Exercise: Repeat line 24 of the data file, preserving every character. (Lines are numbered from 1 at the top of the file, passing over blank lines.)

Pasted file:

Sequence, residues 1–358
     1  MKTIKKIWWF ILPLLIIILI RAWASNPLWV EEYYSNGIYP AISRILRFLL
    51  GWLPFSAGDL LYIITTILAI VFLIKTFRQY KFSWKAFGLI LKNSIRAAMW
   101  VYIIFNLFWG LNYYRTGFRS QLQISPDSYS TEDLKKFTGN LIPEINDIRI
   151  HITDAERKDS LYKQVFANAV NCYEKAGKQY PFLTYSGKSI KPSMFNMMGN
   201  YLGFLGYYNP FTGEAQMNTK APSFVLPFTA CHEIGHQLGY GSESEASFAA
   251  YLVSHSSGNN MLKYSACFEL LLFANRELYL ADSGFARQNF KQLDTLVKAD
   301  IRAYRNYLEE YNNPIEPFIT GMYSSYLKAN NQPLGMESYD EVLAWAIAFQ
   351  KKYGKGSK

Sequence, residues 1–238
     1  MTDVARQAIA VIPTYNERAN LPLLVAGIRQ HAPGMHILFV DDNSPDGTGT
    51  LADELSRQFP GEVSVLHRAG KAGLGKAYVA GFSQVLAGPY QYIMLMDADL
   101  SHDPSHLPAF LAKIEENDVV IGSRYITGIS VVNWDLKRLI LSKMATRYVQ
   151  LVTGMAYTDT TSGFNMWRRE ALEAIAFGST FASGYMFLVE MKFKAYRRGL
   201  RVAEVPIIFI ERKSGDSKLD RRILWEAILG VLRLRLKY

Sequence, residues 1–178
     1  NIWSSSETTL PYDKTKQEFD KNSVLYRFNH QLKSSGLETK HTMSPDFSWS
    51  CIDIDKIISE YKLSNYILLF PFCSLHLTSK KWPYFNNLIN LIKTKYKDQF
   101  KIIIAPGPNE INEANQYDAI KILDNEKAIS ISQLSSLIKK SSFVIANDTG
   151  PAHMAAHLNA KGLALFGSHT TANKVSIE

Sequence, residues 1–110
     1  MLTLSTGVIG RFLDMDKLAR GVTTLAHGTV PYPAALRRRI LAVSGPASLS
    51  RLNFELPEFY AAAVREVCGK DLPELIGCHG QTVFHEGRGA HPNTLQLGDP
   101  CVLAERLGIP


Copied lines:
   101  CVLAERLGIP